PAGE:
>the preferable option when the debt is concentrated among few creditors and, thus, negotiations with them would be easier.
Composition with creditors proceeding (Concordato preventivo), which is:
>a court-directed procedure oriented either to reorganization and restructuring, or liquidation of the companys assets (as an alternative to bankruptcy);
>based on the continuation of the business activities, in order to preserve the value of the assets, as well as on a plan and a composition with creditors proposal to be voted by creditors, which may provide for, eg: (i) restructuring of debts and satisfaction of creditors claims through any technical or legal means, including assumption of debts, mergers or other corporate transactions; (ii) transfer of the assets of the debtor to a contracting party (the so called assuntore); (iii) division of creditors into classes.
Describe the ways a company can be forced into involuntary bankruptcy [Antonio Auricchio]
Any creditors may file a bankruptcy petition against a company, provided that the state of insolvency (ie final and irreversible inability to pay debts and fulfill obligations, as opposed to a temporary and reversible distress) is ascertained by the bankruptcy court.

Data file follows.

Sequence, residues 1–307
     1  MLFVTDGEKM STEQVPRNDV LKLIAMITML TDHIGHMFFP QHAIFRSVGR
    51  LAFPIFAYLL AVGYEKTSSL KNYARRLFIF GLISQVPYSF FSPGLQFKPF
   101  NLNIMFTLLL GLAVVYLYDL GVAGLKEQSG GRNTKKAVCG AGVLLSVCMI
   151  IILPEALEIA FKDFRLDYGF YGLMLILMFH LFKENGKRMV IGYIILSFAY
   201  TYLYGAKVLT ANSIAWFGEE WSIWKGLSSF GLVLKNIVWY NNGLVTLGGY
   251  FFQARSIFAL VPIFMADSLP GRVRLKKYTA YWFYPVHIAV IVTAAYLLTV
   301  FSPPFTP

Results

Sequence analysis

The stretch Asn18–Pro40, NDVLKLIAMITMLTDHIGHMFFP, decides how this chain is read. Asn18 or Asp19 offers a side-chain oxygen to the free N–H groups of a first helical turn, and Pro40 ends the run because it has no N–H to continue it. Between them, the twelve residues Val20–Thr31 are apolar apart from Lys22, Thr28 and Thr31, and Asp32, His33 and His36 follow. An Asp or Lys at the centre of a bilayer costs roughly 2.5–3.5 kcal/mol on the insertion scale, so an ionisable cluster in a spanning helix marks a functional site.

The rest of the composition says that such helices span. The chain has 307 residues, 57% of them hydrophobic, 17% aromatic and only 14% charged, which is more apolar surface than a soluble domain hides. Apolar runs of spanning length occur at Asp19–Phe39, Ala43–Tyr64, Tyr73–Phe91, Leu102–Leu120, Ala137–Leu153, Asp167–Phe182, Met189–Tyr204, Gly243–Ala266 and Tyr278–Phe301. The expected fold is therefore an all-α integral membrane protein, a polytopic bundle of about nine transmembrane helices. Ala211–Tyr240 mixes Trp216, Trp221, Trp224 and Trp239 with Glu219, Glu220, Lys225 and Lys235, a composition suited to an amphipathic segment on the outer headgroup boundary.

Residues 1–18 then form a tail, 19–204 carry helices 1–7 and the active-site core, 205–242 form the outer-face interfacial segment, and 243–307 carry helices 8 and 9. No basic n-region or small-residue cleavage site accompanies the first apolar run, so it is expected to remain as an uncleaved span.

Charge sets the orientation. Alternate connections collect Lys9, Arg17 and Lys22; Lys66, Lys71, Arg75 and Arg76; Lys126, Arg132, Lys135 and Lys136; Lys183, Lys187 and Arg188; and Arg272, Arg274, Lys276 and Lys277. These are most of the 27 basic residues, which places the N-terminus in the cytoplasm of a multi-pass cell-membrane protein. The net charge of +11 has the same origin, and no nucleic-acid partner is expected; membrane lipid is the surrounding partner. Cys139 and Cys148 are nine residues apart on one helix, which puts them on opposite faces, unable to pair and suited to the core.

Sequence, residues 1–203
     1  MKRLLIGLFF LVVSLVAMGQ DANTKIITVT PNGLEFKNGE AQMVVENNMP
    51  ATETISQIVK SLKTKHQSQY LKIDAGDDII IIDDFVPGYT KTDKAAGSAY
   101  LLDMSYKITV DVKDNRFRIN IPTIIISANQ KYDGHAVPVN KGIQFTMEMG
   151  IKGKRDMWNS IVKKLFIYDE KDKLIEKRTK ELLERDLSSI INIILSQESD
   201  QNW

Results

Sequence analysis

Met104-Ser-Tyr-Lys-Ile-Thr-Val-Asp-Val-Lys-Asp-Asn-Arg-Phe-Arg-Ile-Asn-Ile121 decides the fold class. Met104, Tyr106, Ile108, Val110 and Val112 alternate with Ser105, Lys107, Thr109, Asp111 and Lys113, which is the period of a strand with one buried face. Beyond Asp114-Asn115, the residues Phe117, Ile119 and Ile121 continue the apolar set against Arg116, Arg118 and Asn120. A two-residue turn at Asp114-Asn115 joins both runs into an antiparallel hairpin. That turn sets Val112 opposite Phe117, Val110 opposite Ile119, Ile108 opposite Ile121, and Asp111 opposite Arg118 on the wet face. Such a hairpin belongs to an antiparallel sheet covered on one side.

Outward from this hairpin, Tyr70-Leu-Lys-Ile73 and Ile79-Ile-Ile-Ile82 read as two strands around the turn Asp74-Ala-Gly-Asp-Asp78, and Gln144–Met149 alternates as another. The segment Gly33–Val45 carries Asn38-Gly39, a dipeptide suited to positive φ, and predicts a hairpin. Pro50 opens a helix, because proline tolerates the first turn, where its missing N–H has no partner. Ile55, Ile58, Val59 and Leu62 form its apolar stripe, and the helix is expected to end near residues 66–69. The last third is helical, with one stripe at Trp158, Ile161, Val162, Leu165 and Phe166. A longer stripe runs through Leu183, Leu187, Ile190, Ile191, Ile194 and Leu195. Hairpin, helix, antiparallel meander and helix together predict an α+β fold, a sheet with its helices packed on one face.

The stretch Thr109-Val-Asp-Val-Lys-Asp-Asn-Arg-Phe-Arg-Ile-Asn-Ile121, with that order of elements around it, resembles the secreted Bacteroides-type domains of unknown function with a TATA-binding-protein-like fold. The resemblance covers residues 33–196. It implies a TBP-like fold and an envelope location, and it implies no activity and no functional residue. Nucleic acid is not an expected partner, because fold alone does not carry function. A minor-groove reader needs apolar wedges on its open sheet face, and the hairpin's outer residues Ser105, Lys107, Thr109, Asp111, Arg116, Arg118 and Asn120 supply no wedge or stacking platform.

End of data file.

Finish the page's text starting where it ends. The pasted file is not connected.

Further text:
Bankruptcy is a court-directed procedure aimed at liquidating the companys assets, and paying the creditors on the basis of the pari passu principle, subject to priority rights. Upon bankruptcy declaration the Court shall appoint a bankruptcy trustee, having the responsibility of the procedure and of the management of the bankrupted entity.In which situations can a debtor continue its business while undergoing a restructure? [Antonio Auricchio]
The debtor can continue to run its business in the framework of any of the restructuring remedies and proceedings available under the Italian insolvency regime. However, under the composition with creditors proceeding the debtor is allowed to manage the business activities with the supervision of a judicial commissioner appointed by the court, as well as with the authorization of the court for certain material activities.
OtherExplain any country-specific corporate considerations that foreign entities or lawyers should be aware of [Raimondo Premonte]
Under Italian law there are ad hoc rules governing the acquisitions of significant holdings in companies operating in the banking and insurance sectors. Moreover, acquisitions of companies operating in strategic industries of defense, telecommunications, energy and transport may be hindered by the so-called golden share mechanism, granting special powers in favor of the Italian government department that holds such golden share.